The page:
Noir was never about the look. Noir came out of a deep postwar sense of disillusionment, paranoia, an awareness of how easily things — even well-meant things — could go wrong and snowball from there. It sprang out of watching the aftermath of WW II which solved one problem and then created a range of others.
    It also came out of the collective consciousness of those millions of war veterans assimilating back into the mass audience who brought with them the truth of the war and of the effect of violence on men, and the idea that there may not really be good guys and bad guys, just a lot of shades of gray.
    SIN CITY, on the other hand, doesn’t come out of that. It comes out of a love of noir film (as, arguably, Miller’s comics).
    It’s like something a guy I know who used to work in TV in the late 1950s/early 1960s said at a panel I attended. He was asked about the difference between TV then and now. He said that on his first show — a hit and Emmy-winner it its day — everything the writers wrote about was based on something that had happened to them: kids birthdays gone bad, work anxieties, etc. He said a lot of current TV he watched seemed inspired by other TV shows.
    I’d also say that in so closely adapting Miller’s look, Rodriguez puts a distance between the viewer and the film old noir didn’t have. It is SO stylized, SO over the top, that it only reinforces its artificiality.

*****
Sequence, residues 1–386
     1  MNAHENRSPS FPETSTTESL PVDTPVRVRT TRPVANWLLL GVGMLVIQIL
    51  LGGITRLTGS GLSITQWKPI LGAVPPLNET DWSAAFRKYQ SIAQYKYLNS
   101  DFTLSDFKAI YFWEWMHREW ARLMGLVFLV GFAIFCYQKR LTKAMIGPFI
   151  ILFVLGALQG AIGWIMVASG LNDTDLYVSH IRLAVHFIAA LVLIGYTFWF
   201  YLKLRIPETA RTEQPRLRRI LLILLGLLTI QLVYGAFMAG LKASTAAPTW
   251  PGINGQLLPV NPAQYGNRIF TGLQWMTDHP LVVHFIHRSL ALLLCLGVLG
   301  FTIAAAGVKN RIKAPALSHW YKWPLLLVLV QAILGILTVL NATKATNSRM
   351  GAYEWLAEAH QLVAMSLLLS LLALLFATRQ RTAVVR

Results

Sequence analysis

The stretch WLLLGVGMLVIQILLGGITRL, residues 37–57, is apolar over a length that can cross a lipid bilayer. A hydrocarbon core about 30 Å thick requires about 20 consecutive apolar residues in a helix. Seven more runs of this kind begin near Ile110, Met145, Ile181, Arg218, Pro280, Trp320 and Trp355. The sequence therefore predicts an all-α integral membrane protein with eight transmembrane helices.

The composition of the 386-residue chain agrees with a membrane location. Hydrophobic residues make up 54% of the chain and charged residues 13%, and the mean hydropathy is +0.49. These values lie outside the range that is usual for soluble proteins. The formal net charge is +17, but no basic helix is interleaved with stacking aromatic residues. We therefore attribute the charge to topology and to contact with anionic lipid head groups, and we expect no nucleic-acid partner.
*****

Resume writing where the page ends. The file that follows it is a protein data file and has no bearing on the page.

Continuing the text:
I know there are a lot of people who feel otherwise, and certainly SIN CITY’s box offie suggests quite a few people didn’t have the problem I did with it.
    It’s an interesting choice, Edgar, and I think it was worth including. It just doesn’t do it for me.

  3. Jack Deth says

    Hi, Edgar and company:

    Excellent, well thought out and executed review!

    ‘Sin City’ remains the best transition of a comic or graphic novel to film. Not just for putting Frank Miller’s style into another medium, but for a cast who mostly volunteered and fought for their roles and bringing them to life.

    Kudos to Mickey Rourke for having less make-up and fewer prostheses applied than in his much earlier role as deformed, framed, smash and grab artist, Johnny in Walter Hill’s neo-noir, ‘Johnny Handsome’ and pulling off such a dead-on, memorable character as Marv. The cast, with few exceptions, look, act and feel like Miller’s creations.

    Especially Clive Owen’s Dwight, Bruce Willis’ Hartigan, Jessica Alba’s Nancy and Devon Aoki’s silent, dangerous, Miho.

    Granted, ‘Sin City’ may not be for everyone’s tastes. But for those of us who revel in noir on steroids. It’s a wild and wothwhile ride!